REFORMATION SELLS MAJORITY STAKE TO PERMIRA
In 2009 Yael Aflalo, a model turned fashion entrepreneur, opened a vintage clothing resale business she ran part time from the back room of a Los Angeles retail store. Called Reformation, it sold stylish secondhand items or garments made from re-purposed materials. In 2013, the brand was scaled into an e-commerce business with a downtown factory and three boutiques — a vision honed by Ms. Aflalo’s experience, gained earlier in her career, of the environmental and human toll the global fashion industry was taking.
“I want to build a ‘conscious’ mega brand that proves fast fashion and sustainability can coexist,” she wrote in a journal entry at the time. “I want to work with smart talented people, grow a sustainable manufacturing facility and revolutionize the fashion industry.” Several years on, fueled by USD 37 million in two rounds of funding raised from investors including Stripes Group, 14W and Imaginary Ventures, Reformation are projected to exceed USD 150 million in sales in 2019. The label is now a brand of choice for mindful female millennial shoppers who like its humorous and informative Instagram marketing and its celebrity following, and who are willing to spend between USD 60 and USD 550 on its flattering skater skirts, billowy blouses and floral dresses in eco-friendly fabrics.
This week, Permira , a global private equity firm and previous stakeholder in the luxury brands Hugo Boss and Valentino, said it would acquire a majority stake in Reformation. The deal is the latest in a series of transactions that underscore growing private equity interest in a new generation of contemporary fashion businesses. “We feel that the business has reached a stage where we need a significant partner in order to really grow and meet our ambitions, be it entering into new international markets or opening new stores or developing new product lines,” Ms. Aflalo said this week.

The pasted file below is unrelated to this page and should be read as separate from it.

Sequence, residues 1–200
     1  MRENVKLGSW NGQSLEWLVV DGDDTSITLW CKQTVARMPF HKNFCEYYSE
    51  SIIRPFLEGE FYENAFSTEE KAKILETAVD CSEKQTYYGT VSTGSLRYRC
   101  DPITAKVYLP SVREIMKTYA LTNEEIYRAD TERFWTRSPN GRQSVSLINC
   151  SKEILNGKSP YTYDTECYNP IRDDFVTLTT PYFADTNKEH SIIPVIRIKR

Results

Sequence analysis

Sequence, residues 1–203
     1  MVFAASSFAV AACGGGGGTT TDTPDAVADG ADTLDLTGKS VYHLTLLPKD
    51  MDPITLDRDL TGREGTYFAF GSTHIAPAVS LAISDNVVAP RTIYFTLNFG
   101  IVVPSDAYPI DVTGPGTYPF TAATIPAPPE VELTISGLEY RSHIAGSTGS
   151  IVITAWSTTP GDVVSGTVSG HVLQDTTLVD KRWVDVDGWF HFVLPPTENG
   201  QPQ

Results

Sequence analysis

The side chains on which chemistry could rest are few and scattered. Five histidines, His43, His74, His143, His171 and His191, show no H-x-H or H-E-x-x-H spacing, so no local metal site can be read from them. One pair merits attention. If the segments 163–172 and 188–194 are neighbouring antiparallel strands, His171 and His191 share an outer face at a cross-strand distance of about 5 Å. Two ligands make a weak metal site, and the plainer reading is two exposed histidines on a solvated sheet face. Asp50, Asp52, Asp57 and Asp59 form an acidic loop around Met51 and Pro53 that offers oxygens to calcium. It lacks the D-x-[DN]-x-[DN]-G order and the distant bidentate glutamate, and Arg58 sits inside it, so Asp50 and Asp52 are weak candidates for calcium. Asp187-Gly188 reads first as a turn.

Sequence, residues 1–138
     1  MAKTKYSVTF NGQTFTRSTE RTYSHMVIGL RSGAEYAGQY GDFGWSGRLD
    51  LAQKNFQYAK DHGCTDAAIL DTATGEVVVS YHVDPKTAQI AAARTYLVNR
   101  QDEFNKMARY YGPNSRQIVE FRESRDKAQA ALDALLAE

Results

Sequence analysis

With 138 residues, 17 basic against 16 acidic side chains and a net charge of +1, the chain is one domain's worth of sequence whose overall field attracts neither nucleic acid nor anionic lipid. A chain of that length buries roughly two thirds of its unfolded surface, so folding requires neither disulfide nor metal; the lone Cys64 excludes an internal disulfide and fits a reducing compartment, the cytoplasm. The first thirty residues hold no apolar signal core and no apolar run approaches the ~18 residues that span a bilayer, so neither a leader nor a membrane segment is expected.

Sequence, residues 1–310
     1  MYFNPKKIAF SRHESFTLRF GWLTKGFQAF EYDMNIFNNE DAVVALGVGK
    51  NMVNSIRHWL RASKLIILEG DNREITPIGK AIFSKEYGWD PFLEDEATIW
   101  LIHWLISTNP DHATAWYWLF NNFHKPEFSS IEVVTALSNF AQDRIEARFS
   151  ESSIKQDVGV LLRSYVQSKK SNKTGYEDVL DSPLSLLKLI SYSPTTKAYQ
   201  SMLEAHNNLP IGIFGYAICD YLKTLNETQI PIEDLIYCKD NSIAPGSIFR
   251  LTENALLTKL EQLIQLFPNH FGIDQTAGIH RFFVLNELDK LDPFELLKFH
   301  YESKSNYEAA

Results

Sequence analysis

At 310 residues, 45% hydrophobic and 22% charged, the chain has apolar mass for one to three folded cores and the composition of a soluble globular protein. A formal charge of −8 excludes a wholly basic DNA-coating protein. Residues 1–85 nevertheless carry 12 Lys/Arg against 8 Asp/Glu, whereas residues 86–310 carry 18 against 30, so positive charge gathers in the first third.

With few luxury opportunities left and millennials, price wars and the rise of e-commerce driving big changes in the retail and consumer market, private equity now appears to be trying its luck once again with contemporary fashion. So what sort of companies have become top targets? Consider the likes of the streetwear label Supreme, in which Carlyle made an investment in 2017, and the fashion e-commerce retailer Matchesfashion.com, in which Apax Partners acquired a majority. Contemporary fashion brands with strong omnichannel sales and social media presence like Ganni, Isabel Marant, SMCP and The Kooples have been subject to a recent string of private equity stake building or buyouts.
With its banner “Sustainable Fast Fashion,” Reformation has an agile, Zara-like production model that was another major draw. The company produces 15 to 20 new styles on a weekly basis, with most of its clothing moving from sketch to store hanger in less than four weeks, rather than the six months of the conventional fashion cycle. This minimizes inventory waste and allows for constantly fresh items at a time when consumer appetite for newness is soaring and fits Aflalo’s words “I want altruism and narcissism to be combined.”